Alex Floro
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Reminisce With M.I.S.S – The Petshop Boys

The Petshop Boys

Cher and Bono. Simon and Garfunkel. Bert and Ernie. These are just few of the most famous duos in pop culture. But do you know who the Guinness Book of World Records’ most successful UK musical duo is? We’ll give yah a hint, pets and the West End. Still haven’t got a clue? Well let us take you back with The Petshop Boys.

It was a chance meeting in a humble Chelsea, London electronics store during the summer of 1981 that would spark Chris Lowe and Neil Tennant’s musical career together. It was not until a year later that they began experimenting with their groundbreaking sound, during which some of their most famous songs like West End Girls, It’s a Sin, and Rent would be created.  The Boys were first known as West End, but changed it soon after they got inspiration from hanging around their friend’s pet shop. While the group was still developing who they were, Neil Tennant had been working for the UK Magazine Smash Hits. During an interview assignment in New York City covering The Police, the group was able to sneak in a cheeseburger and carrot cake with producer Bobby O. They had been following his work of Hi-NRG records and it was sometime between their burgers and dessert that they slipped Bobby O their demo.  The result of this collaboration is one of their most successful and signature tracks, West End Girls

It was a smash hit around the dance scene, but after signing to a deal with EMI, they officially released another single, Opportunities, which did not do so well on the charts. With the help of synth’s pioneering producer Stephen Hague, the group reworked the track a bit and released it again in 1985. This time it was a hit across the boards. The song would stay at #1 on the Billboard charts for 20 weeks in 1986.  Success was not over for the Boys and West End Girls. In 1987 it won best single of the year at the BRIT awards, and close to 20 years later it was awarded by the British Academy of British and Songwriters as Song of the Decade for 1985-1994.

The song was off their debut album Please, and with the success of their next single Loves Come Quickly, the group announced their first major European tour. With visions of theatrical staging and over the top lighting, the tour was unfortunately cancelled due to budget issues.

Then & Now: Still Rockin

Not allowing the cancelled tour to deter them from other artistic outlets, in 1987 they began the work on a film that would incorporate tracks off the album Actually.  What was planned to only be an hour-long piece, it grew into a full-length musical entitled It Could Happen Here. Tennant has been quoted as stating that the reason for the film was to satisfy fans due to the bands reluctance for tours (Chris Heath).  Though highly conceptual, the film did not do well with critics. Check out a clip below:

Their history is expansive and the PSB have really never stopped creating and releasing successful music. Throughout the 90s, they produced four albums: Behaviour (1990), Very (1993), Bilingual (1996), and Nightlife (1999). In retrospect, the PSD were definitely groundbreaking and truly original artists, expressing their sound and look in a way completely their own. Frequently sporting the fashions of Miyake, Yohji Yamamoto, and even incorporating California staple Stussy during their shows, the band continues to develop their style and esthetic.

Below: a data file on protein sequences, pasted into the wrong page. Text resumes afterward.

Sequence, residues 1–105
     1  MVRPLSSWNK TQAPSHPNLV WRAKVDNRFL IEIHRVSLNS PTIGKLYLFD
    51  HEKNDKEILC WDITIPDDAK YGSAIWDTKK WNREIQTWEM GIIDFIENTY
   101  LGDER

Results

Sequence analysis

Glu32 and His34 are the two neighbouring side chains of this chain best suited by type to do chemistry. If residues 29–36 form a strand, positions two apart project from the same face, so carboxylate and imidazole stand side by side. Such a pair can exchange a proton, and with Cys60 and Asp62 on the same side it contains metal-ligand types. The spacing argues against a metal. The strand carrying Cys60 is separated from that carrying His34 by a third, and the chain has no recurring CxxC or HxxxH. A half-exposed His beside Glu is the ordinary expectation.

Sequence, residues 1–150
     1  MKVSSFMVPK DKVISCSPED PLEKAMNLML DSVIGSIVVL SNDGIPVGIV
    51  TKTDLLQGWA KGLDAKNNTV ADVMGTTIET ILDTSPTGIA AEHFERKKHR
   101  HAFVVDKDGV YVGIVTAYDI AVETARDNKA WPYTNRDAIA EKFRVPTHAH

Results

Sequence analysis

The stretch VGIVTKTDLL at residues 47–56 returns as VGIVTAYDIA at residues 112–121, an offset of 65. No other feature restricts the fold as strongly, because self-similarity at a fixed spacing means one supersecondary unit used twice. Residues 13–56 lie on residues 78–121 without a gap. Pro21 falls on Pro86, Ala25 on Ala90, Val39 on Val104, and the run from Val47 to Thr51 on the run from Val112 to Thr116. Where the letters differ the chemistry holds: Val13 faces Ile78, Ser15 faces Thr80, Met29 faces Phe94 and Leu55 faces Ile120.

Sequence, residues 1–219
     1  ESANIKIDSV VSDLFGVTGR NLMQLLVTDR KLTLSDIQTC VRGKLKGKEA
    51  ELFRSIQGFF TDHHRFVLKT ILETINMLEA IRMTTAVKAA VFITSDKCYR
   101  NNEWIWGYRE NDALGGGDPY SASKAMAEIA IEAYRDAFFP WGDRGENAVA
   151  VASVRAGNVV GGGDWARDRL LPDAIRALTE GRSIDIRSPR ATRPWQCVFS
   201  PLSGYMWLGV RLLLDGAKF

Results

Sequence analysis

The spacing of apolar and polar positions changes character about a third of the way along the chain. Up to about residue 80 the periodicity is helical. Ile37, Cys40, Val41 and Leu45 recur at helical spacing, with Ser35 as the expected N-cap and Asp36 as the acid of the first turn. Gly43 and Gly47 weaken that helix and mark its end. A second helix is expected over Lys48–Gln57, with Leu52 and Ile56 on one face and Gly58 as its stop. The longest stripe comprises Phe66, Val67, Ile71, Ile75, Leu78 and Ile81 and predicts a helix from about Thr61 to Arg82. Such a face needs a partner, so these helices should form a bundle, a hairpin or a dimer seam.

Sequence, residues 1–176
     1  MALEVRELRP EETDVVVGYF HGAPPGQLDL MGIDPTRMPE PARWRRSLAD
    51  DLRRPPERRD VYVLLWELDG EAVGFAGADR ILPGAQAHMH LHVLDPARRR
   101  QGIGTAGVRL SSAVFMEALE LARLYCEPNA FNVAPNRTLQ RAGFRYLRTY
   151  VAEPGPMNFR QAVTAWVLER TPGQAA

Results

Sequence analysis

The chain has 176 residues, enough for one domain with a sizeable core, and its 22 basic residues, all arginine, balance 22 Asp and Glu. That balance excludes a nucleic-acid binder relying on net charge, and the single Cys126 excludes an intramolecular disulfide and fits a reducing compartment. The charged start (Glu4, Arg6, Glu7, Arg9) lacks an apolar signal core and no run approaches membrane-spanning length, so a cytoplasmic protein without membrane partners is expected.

More recently, the Boys have been touring all over the world, still to sold out crowds. Last year, at the famed Glastonbury Festival, they performed a set that critics have noted as “one of the most spectacular Glastonbury moments ever” (Bernadette McNulty for The Telegraph UK). Ever growing their musical endeavors, in 2010 they worked on an adaptation of the Hans Christian Andersen story The Most Incredible Thing. And this time it wasn’t a play; it was a full out ballet.  This year they announced another leg of their Progress Live world tour with the group Take That.

In a cultural and musical climate that is saturated with individuals and groups proclaiming themselves as “different”, “unique” and “avant garde”, it is important to point that newer artists are really just recycling looks and sounds from decades past. The sounds of the popular dub and electro movements of the past 5 decades are rooted in none other than the PSB’s early work. And although the PSB can be described as different from manufactured pop stars, they are in reality just that. Pop icons. Their music has always been geared for the pop audiences, but what we at M.I.S.S. and fans alike can agree on is that they took the whole notion of “pop music” to a whole other perspective. They helped expand the tastes of the masses and, though it may be cliché, opened the door for the acceptance of unique and experimental sounds to enter the Top 40 waves.

Hopefully this will get your Domino Dancing on this weekend, courtesy of  The Petshop Boy and us West End Coast girls at M.I.S.S.

Here’s some more PSB Goodies:

Domino Dancing

Love Etc (Gui Boratto Remix)

Being Boring

All Over the World

We really could go on and on…

For more information on The Petshop Boys visit:

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